Any analysis of crime in Evanston has a distinctly racial component. Black residents are more likely to be victims of crime — and are also more likely to be criminal suspects.
Evanston Police Chief Richard Eddington notes that of the 27 homicides in the city since he became chief 10 years ago, in all but one case a minority group member was the victim.
And, in all but one case, the chief says, a minority group member was charged with the crime or is the prime suspect.
The exceptions — one case in which a white person killed a black person, and another in which the races of the victim and killer were reversed.
And, last year, when crime victims gave police a description of who victimized them, 65 percent of the time they said the criminal was black.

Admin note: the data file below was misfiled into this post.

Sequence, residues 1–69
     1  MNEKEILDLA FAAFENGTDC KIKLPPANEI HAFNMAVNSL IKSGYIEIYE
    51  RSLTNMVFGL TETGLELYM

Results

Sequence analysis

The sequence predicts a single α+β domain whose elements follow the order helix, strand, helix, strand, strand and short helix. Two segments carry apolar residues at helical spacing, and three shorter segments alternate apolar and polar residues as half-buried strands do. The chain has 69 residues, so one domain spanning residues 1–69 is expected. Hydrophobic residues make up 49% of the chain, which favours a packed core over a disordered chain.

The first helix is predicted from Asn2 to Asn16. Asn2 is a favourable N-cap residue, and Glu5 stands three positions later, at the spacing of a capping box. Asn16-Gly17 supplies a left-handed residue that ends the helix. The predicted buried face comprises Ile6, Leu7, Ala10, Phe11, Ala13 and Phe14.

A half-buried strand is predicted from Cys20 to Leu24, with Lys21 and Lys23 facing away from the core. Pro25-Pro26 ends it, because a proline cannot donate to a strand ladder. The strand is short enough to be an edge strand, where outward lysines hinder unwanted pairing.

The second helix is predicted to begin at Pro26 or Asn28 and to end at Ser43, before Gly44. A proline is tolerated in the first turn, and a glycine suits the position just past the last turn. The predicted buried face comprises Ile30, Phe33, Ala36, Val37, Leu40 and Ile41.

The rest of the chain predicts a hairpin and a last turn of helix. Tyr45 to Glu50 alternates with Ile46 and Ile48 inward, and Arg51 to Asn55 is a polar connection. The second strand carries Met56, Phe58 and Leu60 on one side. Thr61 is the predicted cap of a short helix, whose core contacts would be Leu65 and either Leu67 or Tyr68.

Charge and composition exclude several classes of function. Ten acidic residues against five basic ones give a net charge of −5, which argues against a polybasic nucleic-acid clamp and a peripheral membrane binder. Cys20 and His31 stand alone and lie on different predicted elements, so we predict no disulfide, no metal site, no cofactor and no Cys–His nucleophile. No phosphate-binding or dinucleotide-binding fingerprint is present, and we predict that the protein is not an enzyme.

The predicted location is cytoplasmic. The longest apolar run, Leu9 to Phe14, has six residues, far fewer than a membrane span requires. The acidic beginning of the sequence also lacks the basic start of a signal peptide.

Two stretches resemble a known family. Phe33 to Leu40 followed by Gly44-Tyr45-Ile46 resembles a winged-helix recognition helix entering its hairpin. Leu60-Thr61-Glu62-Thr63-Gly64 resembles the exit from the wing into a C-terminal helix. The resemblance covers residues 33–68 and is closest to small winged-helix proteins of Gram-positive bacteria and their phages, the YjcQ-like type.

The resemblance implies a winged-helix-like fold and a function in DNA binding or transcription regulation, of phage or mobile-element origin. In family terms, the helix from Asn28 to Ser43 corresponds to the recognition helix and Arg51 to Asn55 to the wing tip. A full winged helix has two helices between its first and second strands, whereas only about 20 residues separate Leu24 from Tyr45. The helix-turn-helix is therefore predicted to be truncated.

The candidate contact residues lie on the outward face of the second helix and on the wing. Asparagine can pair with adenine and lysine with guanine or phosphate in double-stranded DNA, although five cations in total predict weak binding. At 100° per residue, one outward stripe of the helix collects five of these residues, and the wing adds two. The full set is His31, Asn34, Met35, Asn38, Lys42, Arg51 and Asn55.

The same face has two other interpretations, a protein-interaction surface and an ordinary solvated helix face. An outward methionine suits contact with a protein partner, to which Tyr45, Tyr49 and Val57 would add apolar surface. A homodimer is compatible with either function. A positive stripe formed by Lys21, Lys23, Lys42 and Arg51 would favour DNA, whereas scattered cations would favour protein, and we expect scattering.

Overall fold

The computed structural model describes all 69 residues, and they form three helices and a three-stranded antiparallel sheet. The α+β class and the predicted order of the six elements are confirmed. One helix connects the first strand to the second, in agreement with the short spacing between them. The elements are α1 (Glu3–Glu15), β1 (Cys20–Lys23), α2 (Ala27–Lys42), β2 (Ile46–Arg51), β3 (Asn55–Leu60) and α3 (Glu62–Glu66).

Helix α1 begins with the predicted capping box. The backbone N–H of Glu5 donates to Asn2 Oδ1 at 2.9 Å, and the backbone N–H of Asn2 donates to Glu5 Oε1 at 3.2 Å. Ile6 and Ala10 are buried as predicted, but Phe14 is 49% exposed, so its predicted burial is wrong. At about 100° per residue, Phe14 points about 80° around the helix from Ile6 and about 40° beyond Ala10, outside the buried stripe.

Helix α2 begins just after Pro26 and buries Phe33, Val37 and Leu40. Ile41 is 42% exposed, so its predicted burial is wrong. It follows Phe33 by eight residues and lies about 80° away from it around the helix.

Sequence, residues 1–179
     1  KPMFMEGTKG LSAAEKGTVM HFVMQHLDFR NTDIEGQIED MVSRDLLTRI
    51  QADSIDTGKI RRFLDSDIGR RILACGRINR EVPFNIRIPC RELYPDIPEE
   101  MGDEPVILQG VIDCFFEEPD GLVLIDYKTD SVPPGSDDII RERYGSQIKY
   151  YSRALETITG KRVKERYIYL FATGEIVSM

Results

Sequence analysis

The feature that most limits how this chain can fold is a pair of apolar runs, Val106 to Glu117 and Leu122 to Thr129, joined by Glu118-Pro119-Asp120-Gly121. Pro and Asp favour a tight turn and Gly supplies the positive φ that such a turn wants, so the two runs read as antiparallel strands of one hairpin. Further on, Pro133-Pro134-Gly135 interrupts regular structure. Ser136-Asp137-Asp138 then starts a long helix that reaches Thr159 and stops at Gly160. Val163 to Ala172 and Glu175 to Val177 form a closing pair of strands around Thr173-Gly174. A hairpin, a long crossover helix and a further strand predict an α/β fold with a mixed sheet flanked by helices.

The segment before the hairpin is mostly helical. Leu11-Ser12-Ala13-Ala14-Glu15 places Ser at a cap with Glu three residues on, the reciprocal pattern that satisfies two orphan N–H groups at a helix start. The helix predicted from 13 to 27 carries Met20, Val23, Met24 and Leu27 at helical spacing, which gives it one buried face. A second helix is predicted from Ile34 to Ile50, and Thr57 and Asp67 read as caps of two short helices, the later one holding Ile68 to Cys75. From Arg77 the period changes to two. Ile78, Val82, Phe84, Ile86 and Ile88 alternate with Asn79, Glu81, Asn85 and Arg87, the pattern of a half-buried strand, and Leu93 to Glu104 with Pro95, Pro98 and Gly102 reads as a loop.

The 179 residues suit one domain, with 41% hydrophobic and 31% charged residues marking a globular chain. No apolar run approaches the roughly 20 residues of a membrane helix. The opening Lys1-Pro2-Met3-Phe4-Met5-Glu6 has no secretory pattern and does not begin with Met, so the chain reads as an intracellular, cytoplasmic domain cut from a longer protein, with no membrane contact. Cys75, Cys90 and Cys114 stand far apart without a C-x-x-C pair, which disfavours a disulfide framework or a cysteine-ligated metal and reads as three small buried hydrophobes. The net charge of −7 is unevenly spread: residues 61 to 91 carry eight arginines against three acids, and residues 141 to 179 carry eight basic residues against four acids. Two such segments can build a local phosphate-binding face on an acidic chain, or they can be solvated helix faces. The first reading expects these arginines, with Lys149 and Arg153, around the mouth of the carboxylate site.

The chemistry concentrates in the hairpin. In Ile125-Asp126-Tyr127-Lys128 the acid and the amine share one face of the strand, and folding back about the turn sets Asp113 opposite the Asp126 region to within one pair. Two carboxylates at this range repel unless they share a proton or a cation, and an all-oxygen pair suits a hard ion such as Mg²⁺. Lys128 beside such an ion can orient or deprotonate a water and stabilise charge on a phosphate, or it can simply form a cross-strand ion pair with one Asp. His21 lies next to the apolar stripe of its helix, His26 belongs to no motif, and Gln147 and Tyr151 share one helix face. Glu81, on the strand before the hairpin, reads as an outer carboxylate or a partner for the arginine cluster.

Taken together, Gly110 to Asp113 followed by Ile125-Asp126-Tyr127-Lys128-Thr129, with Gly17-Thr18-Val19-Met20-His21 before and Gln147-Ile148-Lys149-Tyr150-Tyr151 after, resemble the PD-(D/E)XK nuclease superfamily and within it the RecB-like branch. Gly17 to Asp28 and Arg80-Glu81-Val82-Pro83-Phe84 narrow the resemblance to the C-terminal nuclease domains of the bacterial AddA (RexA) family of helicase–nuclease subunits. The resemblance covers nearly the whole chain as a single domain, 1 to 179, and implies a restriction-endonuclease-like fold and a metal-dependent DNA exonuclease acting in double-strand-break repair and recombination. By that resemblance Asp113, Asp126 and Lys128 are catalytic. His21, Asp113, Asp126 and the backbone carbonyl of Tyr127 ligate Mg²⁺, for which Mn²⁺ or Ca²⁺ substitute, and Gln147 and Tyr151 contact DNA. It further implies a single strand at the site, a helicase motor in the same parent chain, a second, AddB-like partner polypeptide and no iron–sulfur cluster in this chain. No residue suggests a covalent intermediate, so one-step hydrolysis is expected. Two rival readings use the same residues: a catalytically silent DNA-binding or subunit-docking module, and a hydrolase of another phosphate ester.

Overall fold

Sixty percent of the men arrested on felony or misdemeanor charges in Evanston last year were identified as black.
Fifty-four percent of the women arrested on felony or misdemeanor charges in Evanston last year were identified as black.
Yet even adding up all the felony and misdemeanor arrests, and not accounting for multiple arrests of the same person, the vast majority of the more than 13,000 black residents of Evanston identified by the census were not engaged in criminal activity — which was also true of the vast majority of members of every other racial and ethnic group.
Race and results in traffic stops (3/6/17)
More news about police performance.